In line with previous research, we found that the combination of task orientation, low amotivation, and relatedness need satisfaction were adaptive motivational attributes in PE (Cox & Williams, 2008; Standage et al., 2003). The different paths indicate that children with different levels of satisfaction of the needs for competence and autonomy could feel both socially and pedagogically included as long as they were task oriented, low on amotivation, and experiences satisfaction of the need for relatedness. This was the case for children both high and low on ego orientation, and in some paths, these relations were also independent of the level of autonomous motivation. In other words, satisfaction of all three basic psychological needs was not necessary for children to feel included in PE. This is essential when we consider that a large proportion of the children in this study did not experience the fulfilment of the need for competence or autonomy in PE. One interpretation is that a mastery climate or absence of a performance climate reduces the importance of the need for competence satisfaction because effort and learning are in focus instead of normative ability.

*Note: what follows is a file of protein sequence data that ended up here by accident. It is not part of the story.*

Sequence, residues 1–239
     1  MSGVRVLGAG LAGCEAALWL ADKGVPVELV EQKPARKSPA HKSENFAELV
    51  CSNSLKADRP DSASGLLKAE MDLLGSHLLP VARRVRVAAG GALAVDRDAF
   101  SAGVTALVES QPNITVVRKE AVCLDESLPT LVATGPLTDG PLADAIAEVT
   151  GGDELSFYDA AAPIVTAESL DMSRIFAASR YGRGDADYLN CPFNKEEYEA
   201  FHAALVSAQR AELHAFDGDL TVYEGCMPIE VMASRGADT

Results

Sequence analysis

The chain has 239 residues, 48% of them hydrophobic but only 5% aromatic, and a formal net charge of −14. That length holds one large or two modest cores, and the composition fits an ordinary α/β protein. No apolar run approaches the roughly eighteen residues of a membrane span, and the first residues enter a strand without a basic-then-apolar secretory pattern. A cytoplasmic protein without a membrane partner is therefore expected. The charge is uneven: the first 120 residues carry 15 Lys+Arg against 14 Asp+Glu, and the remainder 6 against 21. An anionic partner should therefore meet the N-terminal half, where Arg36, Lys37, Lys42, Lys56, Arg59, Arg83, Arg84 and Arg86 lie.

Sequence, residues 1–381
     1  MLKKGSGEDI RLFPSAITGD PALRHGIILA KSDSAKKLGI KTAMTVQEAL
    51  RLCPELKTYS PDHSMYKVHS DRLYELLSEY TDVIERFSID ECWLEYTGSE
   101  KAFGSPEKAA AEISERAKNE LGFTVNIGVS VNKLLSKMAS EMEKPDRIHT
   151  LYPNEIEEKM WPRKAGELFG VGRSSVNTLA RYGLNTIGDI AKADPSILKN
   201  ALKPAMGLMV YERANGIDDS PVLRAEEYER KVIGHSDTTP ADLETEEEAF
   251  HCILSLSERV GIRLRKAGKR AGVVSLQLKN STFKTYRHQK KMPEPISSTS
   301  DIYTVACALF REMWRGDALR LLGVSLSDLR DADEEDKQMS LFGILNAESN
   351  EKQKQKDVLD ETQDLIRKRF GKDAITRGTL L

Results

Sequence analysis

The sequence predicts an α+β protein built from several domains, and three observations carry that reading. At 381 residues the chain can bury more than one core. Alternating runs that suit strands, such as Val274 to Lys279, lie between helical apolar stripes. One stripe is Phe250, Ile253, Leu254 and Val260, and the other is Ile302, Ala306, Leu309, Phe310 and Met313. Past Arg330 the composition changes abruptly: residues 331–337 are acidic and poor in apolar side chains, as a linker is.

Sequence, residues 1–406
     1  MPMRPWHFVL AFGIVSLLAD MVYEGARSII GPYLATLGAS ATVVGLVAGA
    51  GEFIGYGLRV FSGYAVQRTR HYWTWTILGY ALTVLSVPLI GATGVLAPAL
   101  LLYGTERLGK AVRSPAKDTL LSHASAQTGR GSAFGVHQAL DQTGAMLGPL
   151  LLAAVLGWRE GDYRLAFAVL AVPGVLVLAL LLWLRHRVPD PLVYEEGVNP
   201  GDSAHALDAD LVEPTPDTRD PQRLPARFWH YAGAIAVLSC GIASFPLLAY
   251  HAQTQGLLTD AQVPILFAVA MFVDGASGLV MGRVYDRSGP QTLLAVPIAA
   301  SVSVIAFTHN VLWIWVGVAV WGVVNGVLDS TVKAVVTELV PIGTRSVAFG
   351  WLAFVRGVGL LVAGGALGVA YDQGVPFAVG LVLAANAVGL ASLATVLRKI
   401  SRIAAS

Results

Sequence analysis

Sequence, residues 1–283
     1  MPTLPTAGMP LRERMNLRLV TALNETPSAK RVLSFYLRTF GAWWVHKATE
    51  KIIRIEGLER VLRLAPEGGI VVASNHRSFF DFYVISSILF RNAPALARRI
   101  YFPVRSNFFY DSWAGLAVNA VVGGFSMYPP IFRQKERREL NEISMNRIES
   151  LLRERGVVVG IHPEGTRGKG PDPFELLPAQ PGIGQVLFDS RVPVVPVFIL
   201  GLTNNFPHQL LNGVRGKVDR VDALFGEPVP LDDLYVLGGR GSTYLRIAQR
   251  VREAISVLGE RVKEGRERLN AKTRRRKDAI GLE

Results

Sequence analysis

The different paths also enrich our understanding of the orthogonal nature of ego and task orientation. In the paths identified in Table 5, we see that children—both ego and task oriented or only task oriented—experienced SI and PI within a physically inclusive and mastery-oriented climate. This supports studies that emphasized high task and high ego orientation, or high task and low ego orientation as adaptive motivational attributes (Roberts, 2012).